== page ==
How to install a 2.5-inch SATA SSD in a desktop PC
Now let’s move on to installing a 2.5-inch SATA SSD. This installation is much more dependent on the PC case you are using and where you want to place it, so there’s an endless variety of possibilities.
Instead of an exact step-by-step guide, we’ll cover the basics that will always apply to every installation. Once again I’m assuming you already have a drive in hand, if not check out our roundup of the best SSDs.
The two most common options for installing the drive in a PC is either to put it in a drive cage or to secure it to the case itself. Drive cages usually have some sort of method to attach the drive to the tray, and the tray slides into a cage.
Mounting it to the case can involve either screwing the drive to the metal, or putting the drive into a tray first and then attaching it. Either way take care to make sure you have enough cable length to safely route the cables inside the case.
Installing a 2.5-inch SATA SSD: Required cables
When installing a 2.5-inch SATA SSD you will always need two things: a SATA data cable and access to a SATA power cable. Most motherboards include a SATA data cable, which is used for data transmission from the drive to the motherboard. Look for a long, thin, and flat cable—sometimes with an L-shaped connector at the end.
The SATA power cable, which provides power to the drive, will be included with the power supply. It usually has multiple connectors.
Installing a 2.5-inch SATA SSD: Attaching the cables
In order to use the SSD you will need to have both cables attached and secured to the drive at all times. Depending on where you install the drive in the case it might be easier to plug the cables in before you mount the drive.
Plugging in both cables is simple: Look for the end of the drive that has the connections, and note there are two. The shorter port is for the interface cable, and the longer port is for the power cable. If you look closely, each port is keyed with a tiny notch that indicates the correct orientation for the cable to plug into.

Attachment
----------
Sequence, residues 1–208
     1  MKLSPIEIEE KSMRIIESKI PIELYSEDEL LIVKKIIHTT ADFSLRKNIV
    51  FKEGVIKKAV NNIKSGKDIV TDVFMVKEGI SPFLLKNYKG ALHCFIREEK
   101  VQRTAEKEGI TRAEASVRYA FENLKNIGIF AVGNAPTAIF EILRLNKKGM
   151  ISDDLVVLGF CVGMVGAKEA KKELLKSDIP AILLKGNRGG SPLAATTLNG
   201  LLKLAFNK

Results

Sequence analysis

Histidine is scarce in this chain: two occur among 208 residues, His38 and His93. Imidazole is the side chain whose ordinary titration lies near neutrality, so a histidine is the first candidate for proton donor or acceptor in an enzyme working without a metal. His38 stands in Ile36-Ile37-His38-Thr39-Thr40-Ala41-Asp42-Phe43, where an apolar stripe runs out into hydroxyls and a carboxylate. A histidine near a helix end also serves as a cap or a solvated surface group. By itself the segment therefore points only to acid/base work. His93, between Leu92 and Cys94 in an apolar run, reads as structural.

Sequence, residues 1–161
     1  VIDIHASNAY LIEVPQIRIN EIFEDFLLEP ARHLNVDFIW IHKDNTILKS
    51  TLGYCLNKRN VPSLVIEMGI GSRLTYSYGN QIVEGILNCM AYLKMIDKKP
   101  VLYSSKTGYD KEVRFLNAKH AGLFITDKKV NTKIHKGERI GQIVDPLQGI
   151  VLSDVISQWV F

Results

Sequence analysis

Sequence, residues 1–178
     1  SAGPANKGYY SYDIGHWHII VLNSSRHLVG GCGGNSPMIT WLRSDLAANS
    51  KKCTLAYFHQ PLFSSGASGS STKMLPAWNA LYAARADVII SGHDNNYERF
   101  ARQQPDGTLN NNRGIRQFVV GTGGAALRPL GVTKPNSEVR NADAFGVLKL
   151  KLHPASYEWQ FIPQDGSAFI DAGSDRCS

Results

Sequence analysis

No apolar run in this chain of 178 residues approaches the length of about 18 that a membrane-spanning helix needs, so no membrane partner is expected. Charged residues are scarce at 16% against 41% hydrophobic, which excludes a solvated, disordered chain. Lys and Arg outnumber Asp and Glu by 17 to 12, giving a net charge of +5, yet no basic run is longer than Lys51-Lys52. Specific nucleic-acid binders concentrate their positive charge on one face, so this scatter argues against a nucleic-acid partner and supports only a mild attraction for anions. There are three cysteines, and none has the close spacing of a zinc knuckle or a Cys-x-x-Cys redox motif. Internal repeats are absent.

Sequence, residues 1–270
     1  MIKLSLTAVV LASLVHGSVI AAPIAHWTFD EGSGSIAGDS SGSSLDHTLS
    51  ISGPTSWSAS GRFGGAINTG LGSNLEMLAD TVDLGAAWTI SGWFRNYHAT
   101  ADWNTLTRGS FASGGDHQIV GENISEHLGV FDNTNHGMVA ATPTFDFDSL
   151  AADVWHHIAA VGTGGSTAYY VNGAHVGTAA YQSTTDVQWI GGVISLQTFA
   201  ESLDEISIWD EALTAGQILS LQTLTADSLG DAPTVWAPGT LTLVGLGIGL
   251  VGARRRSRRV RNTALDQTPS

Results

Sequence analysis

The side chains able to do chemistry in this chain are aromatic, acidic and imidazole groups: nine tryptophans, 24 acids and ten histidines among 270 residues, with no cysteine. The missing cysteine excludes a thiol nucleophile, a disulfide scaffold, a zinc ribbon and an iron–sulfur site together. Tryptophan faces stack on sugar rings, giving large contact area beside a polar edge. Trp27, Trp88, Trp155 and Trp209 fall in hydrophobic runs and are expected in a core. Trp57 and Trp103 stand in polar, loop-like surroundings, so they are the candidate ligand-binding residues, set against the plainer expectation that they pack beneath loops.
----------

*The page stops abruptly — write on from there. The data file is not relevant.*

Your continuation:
Because of this there is only one way to install the cable, so line them up and insert firmly. The interface cable includes a primitive locking mechanism that gives a subtle click when inserted. The power cable does not lock in, so be sure to press it in all the way for a secure connection.
Installing a 2.5-inch SATA SSD: Connection to Motherboard
The interface cable will then need to be plugged into the motherboard. There will most likely be multiple ports to choose from, so now is another time you should consult your manual.
You’ll need to find where the manual refers to the SATA ports on your motherboard. To get the maximum bandwidth out of your SSD you’ll want to connect to the SATA 6Gbps ports, but the slower 3Gbps ports will work fine as well.
In this example you can see that this motherboard features six SATA 6G ports, and they are stacked into three columns of two ports. Typically you’ll want to use the ports in order, so if the numbering starts at one, choose that and identify which port it is on the motherboard itself.
On any remotely modern PC, the performance should be the same, but on an older PC the first port is usually the highest-performing. When the ports are stacked like this sometimes it can be a bit confusing knowing which number is which, so just take your time and look closely. This cable will lock into place, so after you insert it in enough you will hear a subtle click to know you are secure.
Installing a 2.5-inch SATA SSD: Final notes
As we close out SATA SSD installation, a few useful notes.
Some of the SATA data connectors feature an L-shaped plug, shown below.
The L-shaped plug is useful for situations where you need to keep a low profile so the cable doesn’t get pinned somewhere. Both the L-shaped and the straight cables offer the same performance.
The SATA power cable will most likely have multiple ports on it. This is to allow you to attach multiple drives or peripherals onto the same cable.
Which plug you use will depend on the length you need to reach to plug in the drive and whether that cable also needs to reach other ports. All the plugs will work just the same.
Finally, a Windows 10 tip! If you are installing both an M.2 and SATA SSD you might be confused as to which drive is which when it comes time to install Windows.
One way to get around that is to keep the SATA SSD unplugged while you're going through the installation process, so there's no option for installing Windows other than the higher-performance NVMe SSD. After you're up and running, plug the SATA drive back in, format it, and you're ready to roll.